MORE mortgage holders in Bradford risked losing their homes last year, new figures show.

A charity has warned the cost-of-living crisis and high mortgage costs are putting people in danger of becoming homeless.

Figures from the Ministry of Justice show 264 mortgage possession claims were made in Bradford in the year to March – 30 which led to a property being repossessed by a bailiff.

While more mortgage holders were at risk in 2023-24, the actual number of repossessions dropped by half.

By comparison, in 2022-23 there were 211 claims, leading to 59 homes being repossessed.

If a claim is successful, the defendant will be ordered to leave the property. If they do not come to an agreement with the claimant they can be evicted, leading to a repossession.

In the first quarter of 2024, there were 5,182 such claims made across England and Wales – a 28 per cent increase from 4,035 a year earlier.

Mortgage rates remain at high levels since surging in late 2021, albeit with some rates being cut in recent months.

The figures show renters are also suffering, with a six per cent increase in landlord claims over the same period across the country.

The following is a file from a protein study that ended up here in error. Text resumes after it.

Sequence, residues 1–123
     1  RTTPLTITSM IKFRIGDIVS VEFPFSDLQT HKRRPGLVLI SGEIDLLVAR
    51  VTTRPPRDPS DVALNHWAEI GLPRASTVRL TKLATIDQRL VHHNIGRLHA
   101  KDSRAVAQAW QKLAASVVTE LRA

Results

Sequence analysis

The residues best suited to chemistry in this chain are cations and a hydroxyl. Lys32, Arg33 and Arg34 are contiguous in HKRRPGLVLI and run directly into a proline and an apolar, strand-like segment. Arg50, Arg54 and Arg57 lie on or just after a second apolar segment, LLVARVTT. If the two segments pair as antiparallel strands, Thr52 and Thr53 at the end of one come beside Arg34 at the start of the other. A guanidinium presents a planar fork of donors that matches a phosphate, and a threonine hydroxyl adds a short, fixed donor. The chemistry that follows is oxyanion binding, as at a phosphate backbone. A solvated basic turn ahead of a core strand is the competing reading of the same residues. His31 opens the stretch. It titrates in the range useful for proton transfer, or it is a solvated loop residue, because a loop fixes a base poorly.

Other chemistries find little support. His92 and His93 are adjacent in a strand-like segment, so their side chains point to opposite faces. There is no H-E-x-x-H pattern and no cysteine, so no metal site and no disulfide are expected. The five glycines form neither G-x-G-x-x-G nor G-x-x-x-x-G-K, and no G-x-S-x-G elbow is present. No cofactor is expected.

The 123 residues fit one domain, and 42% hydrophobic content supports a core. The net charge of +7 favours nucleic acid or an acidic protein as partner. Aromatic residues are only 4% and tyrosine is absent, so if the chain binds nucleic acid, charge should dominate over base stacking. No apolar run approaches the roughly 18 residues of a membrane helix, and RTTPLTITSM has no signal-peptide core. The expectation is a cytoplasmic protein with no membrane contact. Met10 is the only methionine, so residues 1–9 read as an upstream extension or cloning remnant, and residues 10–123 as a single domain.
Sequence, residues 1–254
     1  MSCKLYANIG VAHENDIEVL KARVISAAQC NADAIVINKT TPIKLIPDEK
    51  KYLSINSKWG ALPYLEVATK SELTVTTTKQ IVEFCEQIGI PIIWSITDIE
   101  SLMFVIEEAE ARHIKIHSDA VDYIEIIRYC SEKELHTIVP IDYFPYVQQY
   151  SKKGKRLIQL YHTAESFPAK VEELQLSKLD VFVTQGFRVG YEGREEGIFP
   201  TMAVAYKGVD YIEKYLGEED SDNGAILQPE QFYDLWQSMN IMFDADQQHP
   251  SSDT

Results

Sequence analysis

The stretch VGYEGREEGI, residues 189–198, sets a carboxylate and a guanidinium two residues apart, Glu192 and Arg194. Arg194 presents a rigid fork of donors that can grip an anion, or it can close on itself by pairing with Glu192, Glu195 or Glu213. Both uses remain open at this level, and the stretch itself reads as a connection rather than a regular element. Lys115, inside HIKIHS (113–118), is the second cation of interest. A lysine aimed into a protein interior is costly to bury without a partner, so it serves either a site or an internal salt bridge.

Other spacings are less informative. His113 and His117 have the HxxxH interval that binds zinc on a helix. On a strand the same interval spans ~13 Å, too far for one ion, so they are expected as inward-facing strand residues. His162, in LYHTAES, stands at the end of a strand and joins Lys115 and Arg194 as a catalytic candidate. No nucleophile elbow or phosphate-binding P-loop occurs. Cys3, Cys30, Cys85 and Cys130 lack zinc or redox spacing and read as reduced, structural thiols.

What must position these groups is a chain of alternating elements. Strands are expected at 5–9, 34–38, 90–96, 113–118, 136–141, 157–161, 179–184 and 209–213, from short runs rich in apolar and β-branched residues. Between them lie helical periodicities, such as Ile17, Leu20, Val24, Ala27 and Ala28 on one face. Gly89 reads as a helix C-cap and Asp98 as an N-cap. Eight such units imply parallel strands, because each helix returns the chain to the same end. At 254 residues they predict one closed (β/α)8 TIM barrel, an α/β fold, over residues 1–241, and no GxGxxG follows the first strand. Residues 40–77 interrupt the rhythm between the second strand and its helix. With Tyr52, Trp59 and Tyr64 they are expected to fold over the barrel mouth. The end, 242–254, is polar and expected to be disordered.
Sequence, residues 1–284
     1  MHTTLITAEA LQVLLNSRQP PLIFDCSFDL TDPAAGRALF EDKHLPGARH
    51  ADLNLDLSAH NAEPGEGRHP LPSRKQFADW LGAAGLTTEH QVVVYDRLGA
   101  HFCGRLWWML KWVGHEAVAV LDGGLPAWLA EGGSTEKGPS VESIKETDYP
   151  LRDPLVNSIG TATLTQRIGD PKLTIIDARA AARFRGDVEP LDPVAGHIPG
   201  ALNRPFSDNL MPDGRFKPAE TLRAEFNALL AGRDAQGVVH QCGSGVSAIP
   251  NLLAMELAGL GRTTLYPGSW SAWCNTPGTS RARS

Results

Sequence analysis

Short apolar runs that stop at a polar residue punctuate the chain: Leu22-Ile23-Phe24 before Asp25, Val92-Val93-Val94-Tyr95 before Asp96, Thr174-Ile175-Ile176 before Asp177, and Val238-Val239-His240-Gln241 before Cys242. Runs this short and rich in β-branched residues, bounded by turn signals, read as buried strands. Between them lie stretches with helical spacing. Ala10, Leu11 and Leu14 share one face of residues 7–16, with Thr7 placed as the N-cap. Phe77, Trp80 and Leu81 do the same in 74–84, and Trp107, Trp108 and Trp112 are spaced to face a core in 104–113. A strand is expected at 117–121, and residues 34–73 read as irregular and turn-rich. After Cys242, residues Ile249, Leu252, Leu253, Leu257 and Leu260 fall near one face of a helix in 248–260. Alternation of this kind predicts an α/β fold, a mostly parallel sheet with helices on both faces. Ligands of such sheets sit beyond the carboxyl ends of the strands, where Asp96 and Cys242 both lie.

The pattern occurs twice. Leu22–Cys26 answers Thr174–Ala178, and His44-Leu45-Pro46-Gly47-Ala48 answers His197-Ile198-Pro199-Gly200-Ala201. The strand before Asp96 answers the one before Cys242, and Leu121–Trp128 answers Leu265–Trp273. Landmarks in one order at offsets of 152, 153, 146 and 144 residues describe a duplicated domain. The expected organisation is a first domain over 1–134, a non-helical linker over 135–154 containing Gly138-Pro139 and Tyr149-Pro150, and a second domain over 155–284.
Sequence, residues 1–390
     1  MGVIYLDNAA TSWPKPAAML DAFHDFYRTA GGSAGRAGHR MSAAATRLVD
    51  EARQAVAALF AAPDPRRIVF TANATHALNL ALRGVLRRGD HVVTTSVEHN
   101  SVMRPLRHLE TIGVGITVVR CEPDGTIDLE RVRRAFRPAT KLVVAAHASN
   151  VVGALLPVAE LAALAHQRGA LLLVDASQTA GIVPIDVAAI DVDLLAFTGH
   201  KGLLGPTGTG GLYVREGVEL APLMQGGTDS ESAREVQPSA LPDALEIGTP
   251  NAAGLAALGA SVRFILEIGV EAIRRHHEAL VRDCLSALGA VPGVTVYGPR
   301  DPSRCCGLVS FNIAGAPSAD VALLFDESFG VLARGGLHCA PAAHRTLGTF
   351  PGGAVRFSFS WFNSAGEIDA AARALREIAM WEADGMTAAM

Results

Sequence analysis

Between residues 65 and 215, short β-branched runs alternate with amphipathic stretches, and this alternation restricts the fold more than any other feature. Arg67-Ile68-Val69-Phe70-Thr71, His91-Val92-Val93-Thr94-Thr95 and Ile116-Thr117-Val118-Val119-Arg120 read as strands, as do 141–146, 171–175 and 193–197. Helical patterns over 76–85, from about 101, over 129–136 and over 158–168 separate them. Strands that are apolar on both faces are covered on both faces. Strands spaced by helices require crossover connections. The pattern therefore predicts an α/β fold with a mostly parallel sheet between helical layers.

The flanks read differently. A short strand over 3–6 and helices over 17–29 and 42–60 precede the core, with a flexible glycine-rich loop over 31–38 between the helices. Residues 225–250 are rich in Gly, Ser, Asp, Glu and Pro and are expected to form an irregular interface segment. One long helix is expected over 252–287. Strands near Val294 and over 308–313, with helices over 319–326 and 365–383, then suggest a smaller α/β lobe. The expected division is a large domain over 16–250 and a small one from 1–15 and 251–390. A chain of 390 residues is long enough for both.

In Bradford, landlords made 597 claims in the year to March, with 168 resulting in a repossession. This was down from 2022-23, when there were 727.

Law Society president Nick Emmerson said: "We are concerned about the number of people who are at risk of becoming homeless.

"With the cost-of-living crisis and high interest rates, many are struggling with rent and mortgage payments and are at risk of losing their homes."

He cautioned legal aid is the only hope for many, but "remains out of reach", with more law firms no longer offering advice.

StepChange is a charity that offers advice and support for those in arrears with their mortgage or rent.

Policy manager Jonathan Chesterman said: "Rent or mortgage payments are priority bills, so if you are in arrears with these payments, they should always be addressed before any consumer credit debt."

"Mortgage lenders have a regulatory responsibility to treat borrowers fairly, offering support and forbearance for people who are in difficulty," he added.

A Treasury spokesperson said: "Interest rates are high across the developed world as economies work to tackle high inflation and the UK is no different.

"While it is welcome news that we have met the pledge to halve inflation, we know many people are continuing to struggle.

"Anyone struggling with their mortgages should contact their lender, and where relevant, consider the flexibilities in our Mortgage Charter, which can make it easier to manage monthly repayments and gives extra protections against repossessions."